- There’s no reason to devote 150 words to how the Saints beat the Vikings today in Minnesota. The Vikings’ secondary resembles a revolving door to the end zone, so it wasn’t surprising to see Drew Brees throw for 700 yards and 19 touchdowns versus a bad Minnesota defense. But it must be a little unnerving to fellow NFC contenders that the Saints finally looked good on the road. They haven’t played well away from the Superdome this season and quite frankly, they’ve developed a reputation of being more conservative on the road than at home. But today they went out and made it look easy. With the Packers falling for the first time all season, maybe the power structure in the NFC has shifted ever so slightly in New Orleans’ favor. If you were to pick one team and one team only to beat Green Bay, it has to be the Saints, who are the only NFC team that can match up with Green Bay in a shootout.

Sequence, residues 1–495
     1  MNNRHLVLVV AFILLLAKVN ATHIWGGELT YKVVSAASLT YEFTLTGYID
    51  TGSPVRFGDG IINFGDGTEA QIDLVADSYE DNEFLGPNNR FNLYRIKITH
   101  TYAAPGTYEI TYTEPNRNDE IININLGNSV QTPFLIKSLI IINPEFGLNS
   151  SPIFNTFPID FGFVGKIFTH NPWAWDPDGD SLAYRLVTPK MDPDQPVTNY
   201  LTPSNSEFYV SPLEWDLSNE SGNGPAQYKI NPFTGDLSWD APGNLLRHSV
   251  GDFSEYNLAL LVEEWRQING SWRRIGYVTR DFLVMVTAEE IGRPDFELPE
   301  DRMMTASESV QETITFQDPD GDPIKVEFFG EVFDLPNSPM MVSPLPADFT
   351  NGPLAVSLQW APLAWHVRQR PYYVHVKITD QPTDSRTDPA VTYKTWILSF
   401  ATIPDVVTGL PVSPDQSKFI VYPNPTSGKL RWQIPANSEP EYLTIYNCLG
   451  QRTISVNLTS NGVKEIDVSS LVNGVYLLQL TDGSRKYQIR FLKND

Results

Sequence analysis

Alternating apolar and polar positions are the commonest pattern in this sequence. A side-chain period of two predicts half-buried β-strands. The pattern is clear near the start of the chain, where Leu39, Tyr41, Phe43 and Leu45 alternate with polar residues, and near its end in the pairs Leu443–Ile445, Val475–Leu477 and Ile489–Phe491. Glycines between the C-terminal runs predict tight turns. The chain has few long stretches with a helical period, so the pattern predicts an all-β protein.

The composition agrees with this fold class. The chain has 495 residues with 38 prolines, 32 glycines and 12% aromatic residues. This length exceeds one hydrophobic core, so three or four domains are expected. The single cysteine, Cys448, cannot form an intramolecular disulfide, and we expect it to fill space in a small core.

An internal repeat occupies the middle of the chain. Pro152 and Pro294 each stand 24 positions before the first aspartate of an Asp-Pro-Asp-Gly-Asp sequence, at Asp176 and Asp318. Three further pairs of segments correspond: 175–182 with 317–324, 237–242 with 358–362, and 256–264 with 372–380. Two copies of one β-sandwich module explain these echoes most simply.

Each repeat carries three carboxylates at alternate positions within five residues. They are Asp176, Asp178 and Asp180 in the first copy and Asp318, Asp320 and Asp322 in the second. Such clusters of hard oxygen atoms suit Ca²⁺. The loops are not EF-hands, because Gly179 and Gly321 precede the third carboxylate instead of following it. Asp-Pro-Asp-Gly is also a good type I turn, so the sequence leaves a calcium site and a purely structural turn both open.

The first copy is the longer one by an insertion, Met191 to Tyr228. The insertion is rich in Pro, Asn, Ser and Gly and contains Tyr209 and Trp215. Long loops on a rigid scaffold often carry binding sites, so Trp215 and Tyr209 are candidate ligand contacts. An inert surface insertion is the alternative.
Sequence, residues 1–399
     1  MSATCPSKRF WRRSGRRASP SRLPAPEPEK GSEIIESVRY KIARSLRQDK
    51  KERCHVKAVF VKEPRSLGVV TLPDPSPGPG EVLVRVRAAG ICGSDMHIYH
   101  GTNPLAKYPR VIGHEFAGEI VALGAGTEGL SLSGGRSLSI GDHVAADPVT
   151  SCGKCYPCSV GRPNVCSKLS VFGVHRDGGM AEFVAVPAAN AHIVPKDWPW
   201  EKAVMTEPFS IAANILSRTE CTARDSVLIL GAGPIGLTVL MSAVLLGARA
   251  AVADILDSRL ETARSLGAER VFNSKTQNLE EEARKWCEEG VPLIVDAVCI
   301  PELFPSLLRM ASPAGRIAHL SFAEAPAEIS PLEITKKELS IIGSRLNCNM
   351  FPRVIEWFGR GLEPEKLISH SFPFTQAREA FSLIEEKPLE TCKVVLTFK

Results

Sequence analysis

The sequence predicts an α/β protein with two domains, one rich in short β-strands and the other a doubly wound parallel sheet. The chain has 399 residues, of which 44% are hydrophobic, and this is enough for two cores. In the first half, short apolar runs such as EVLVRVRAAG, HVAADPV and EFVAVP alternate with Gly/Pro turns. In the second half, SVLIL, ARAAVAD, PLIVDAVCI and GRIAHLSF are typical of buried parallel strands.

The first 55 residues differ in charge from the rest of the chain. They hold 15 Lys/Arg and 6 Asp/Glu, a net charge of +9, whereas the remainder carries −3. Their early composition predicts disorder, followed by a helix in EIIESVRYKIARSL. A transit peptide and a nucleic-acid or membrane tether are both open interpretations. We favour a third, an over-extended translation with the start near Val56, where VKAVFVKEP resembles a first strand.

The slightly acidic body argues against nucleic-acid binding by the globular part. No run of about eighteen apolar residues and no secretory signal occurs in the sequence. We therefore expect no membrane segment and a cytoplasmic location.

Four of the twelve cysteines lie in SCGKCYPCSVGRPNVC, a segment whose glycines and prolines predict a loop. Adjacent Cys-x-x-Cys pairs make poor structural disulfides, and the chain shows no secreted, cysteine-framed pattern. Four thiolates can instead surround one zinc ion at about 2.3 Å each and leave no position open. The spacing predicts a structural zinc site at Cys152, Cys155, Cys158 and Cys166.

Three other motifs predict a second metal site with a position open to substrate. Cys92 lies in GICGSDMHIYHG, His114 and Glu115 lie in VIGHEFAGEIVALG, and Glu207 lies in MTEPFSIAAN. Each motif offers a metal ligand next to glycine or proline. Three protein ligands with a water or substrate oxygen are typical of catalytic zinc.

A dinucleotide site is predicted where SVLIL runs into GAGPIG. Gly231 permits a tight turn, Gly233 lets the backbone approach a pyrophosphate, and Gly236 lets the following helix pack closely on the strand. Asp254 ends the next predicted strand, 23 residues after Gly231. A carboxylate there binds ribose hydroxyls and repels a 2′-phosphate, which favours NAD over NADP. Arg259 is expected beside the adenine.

- If I’m a team like the Falcons or Lions, I’m praying that the Giants make it into the playoffs. Because right now they’re about as dangerous as a roll of Tollhouse cookie batter. In the last six weeks the Giants have wilted against good competition (San Francisco, New Orleans and Green Bay) and floundered against inferior division rivals (Philadelphia and Washington). The only reason they’re still alive in the NFC East is because the Cowboys crap themselves whenever they’ve expected to rise to the challenge and make a stand. As I noted in my predictions piece this week, I expected Washington to hang with the Giants. But I even wrote that I didn’t expect the Skins to win. Instead, they absolutely dominated the Giants from the opening kickoff and somehow managed to sweep New York for the first time since 1999. Given how Dallas had already won, how first place was on the line in the division, and how they were at home, it was inexcusable for the Giants to lose to the Skins. But why be shocked given how poorly New York has played the past month and a half? We should be long past expecting this team to dominate an opponent just because it’s better on paper, especially considering how the Giants have played down to their competition all season long.